Beyond Section 31, however, we see some cracks in the utopia already manifesting in The Next Generation. In “The High Ground,” Finn argues to Picard that the Federation has become involved with the planet’s civil upheaval by doing business with and supporting the majority government. He contends that kidnapping Dr. Crusher is merely a way of forcing the Federation to acknowledge that involvement, and for better or worse, he is correct. His observation that the Federation simply doesn’t want to get its hands dirty is spot on. In “Homeward,” Picard’s adherence to the Prime Directive nearly results in the destruction of an entire species, which in light of the general spirit of Starfleet, comes across as unnecessarily cruel. Even beyond these examples, the existence of the Maquis is an indictment of the Federation as utopia as are the episodes in which the Federation wishes to strip Data of person-hood for its own scientific gain.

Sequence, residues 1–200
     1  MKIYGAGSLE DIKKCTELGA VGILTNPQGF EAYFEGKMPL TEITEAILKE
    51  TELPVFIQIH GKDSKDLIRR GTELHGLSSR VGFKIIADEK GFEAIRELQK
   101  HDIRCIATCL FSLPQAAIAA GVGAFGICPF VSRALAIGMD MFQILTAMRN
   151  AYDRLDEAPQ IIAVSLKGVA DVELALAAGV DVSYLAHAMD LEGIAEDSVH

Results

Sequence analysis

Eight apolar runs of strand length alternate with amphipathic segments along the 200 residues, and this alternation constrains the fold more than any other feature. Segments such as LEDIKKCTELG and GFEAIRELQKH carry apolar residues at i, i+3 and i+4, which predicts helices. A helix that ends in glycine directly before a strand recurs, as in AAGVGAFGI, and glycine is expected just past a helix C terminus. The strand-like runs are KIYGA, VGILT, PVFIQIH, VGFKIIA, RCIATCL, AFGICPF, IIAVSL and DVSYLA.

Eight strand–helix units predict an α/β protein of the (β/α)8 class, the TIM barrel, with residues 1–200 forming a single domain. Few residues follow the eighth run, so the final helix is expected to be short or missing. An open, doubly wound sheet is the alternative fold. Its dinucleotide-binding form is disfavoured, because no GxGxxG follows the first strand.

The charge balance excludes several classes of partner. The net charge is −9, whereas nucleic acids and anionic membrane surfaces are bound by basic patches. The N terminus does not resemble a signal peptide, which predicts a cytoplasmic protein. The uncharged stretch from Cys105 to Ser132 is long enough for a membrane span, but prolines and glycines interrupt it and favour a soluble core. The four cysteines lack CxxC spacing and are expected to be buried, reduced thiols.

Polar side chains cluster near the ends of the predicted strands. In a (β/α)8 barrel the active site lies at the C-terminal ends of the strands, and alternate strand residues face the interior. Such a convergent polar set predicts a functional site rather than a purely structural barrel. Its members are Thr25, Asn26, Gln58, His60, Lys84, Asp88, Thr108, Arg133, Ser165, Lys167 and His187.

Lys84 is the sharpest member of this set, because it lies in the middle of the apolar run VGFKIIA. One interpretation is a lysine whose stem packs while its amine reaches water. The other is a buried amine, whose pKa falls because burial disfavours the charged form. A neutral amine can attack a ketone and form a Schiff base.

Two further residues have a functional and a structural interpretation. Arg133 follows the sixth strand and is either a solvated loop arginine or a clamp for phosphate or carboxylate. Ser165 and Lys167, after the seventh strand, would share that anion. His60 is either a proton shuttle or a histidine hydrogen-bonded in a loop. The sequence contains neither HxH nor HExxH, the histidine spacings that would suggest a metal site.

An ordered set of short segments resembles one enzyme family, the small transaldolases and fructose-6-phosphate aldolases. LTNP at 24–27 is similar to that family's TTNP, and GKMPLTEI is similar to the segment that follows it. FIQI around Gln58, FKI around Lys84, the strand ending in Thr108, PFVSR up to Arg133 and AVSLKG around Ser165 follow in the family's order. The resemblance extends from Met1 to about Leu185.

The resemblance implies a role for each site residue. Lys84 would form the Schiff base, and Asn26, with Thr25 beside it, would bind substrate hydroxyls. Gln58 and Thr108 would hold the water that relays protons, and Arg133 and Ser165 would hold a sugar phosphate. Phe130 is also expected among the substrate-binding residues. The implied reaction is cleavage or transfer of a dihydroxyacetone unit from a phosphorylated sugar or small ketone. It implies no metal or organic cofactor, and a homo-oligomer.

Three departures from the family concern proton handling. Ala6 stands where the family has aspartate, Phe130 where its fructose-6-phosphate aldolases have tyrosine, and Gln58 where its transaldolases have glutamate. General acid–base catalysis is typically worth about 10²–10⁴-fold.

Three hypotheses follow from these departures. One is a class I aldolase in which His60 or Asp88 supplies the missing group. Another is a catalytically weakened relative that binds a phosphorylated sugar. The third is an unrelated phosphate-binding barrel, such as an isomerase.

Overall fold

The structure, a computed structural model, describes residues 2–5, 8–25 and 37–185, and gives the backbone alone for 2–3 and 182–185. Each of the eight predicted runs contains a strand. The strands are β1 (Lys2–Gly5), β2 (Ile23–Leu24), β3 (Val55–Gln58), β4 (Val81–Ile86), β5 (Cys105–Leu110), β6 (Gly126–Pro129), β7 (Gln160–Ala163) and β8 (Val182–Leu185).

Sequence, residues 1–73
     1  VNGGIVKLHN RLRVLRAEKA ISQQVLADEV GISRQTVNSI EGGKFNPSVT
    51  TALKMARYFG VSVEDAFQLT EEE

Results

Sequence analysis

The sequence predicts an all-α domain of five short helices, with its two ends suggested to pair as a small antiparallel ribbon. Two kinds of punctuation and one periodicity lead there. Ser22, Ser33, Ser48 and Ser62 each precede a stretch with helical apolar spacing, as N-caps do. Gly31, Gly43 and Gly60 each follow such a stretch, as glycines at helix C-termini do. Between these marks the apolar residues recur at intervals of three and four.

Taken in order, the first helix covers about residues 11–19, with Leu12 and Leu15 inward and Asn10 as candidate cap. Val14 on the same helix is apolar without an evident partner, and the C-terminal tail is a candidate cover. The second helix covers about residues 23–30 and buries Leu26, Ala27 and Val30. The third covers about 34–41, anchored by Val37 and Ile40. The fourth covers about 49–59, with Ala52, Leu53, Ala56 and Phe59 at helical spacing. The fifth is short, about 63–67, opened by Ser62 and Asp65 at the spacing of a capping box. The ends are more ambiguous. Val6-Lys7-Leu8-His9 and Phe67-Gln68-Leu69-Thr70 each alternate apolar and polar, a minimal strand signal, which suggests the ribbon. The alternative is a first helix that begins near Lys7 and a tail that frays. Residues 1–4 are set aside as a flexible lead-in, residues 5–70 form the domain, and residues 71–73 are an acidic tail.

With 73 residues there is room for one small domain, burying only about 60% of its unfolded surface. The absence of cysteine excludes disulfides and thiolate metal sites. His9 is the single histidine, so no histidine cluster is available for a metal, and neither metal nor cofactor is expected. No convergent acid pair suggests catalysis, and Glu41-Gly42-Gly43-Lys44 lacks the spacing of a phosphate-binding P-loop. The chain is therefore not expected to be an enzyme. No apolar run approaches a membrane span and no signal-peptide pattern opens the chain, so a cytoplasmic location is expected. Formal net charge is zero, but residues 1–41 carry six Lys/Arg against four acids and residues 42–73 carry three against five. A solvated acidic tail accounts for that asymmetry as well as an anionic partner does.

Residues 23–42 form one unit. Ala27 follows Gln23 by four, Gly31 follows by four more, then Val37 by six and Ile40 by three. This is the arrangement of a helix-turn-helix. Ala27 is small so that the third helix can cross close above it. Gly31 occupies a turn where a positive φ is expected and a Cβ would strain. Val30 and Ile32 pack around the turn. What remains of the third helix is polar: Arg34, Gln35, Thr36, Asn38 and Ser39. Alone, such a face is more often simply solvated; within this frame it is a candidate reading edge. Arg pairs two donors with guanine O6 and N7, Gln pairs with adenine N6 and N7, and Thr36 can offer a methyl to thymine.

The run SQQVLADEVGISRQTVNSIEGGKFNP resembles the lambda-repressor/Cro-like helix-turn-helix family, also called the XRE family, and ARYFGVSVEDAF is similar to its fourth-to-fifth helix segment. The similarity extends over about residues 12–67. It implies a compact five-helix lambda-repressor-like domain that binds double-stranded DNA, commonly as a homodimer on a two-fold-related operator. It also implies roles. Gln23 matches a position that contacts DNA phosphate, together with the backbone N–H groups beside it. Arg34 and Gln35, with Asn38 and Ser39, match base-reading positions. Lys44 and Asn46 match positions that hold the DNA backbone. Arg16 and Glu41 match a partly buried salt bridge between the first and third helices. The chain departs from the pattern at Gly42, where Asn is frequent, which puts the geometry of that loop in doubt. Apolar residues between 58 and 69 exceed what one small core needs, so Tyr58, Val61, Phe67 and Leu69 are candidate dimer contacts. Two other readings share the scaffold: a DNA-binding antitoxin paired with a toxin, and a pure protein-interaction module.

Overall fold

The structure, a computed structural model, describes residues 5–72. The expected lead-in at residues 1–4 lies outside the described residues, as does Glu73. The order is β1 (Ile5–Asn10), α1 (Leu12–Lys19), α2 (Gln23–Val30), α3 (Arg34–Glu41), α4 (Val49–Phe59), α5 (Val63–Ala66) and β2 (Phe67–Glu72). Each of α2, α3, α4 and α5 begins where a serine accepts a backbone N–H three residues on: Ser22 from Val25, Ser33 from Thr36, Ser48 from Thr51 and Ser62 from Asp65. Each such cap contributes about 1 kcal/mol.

Going back even earlier in franchise history, the TOS episode “A Private Little War” reflects a proxy war between the Federation and the Klingon empire, in which both groups provide weapons to opposing pre-industrial tribes. Certainly, neither Kirk nor McCoy want to engage in this activity, but as representatives of the Federation, they do so, resulting in what could be a never-ending escalation conflict between the Hill Tribe and their enemies. In “A Piece of the Action,” a chance loss of a work of gangster fiction creates a society based on violence and avarice. Upon discovering the issue, Kirk establishes Sigma Iotia II as a client state for the Federation, and while he believes the Federation will guide the Iotians toward a more ethical society, Spock remains skeptical. In “Patterns of Force,” Federation involvement results in near-catastrophic violence and a literal fascist regime. The episode’s message is that absolute power corrupts absolutely and plays the issue off as John Gill’s solitary decision to disobey the Prime Directive. However, Gill, so deeply inculcated in Federation ideals that he taught James Kirk, seizes on efficiency as the highest societal virtue. Therein lies a hint of some of the themes that we see in Section 31.